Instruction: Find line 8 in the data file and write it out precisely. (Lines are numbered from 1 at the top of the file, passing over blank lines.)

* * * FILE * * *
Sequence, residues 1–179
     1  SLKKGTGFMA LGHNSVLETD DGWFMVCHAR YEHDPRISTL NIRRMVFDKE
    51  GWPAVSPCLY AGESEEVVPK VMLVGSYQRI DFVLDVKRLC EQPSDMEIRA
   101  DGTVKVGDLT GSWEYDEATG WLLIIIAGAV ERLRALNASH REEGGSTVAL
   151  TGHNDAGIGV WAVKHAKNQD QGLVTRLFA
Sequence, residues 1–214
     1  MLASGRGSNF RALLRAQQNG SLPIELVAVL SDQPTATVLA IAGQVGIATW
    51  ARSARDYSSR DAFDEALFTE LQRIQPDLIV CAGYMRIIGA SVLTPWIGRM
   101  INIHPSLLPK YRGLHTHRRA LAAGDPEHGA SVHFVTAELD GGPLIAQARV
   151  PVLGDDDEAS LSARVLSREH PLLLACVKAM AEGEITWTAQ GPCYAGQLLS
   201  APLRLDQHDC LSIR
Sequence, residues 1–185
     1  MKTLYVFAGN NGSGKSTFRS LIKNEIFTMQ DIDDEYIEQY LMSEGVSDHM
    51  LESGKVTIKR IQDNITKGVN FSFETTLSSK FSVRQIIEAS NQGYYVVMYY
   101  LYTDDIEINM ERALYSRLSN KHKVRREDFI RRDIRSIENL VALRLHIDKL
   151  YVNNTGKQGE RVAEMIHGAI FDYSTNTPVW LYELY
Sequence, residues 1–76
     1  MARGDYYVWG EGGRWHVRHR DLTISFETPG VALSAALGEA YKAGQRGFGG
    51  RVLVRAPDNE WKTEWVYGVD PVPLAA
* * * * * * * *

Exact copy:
    51  ARSARDYSSR DAFDEALFTE LQRIQPDLIV CAGYMRIIGA SVLTPWIGRM